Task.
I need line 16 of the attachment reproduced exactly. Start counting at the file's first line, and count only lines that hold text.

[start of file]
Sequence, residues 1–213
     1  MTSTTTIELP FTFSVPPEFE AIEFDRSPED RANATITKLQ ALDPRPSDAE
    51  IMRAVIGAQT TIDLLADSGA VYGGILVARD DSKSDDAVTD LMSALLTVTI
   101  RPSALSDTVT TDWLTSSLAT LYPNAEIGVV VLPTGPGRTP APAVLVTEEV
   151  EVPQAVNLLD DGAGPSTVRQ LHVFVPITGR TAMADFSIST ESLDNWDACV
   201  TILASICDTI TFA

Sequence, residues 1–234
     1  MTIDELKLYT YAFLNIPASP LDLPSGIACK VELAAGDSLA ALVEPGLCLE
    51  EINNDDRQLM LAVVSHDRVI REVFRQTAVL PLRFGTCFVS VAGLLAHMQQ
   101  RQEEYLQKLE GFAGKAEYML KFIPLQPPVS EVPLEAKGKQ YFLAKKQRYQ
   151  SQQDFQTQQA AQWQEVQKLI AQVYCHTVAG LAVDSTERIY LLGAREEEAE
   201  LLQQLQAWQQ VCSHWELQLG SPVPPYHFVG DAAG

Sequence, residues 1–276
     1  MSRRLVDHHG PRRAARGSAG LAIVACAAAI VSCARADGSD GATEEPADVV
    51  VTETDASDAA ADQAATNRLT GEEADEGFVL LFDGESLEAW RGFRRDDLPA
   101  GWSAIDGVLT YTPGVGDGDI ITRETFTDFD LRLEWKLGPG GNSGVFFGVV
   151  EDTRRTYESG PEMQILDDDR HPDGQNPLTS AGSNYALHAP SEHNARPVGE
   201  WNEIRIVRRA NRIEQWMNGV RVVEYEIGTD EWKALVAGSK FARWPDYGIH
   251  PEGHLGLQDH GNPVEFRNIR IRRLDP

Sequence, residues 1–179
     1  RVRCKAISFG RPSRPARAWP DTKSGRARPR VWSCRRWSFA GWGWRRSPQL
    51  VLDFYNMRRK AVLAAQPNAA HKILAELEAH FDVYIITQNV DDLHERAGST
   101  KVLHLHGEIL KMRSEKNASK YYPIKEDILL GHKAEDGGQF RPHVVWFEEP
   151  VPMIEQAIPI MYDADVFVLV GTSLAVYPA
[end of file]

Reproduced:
   101  GWSAIDGVLT YTPGVGDGDI ITRETFTDFD LRLEWKLGPG GNSGVFFGVV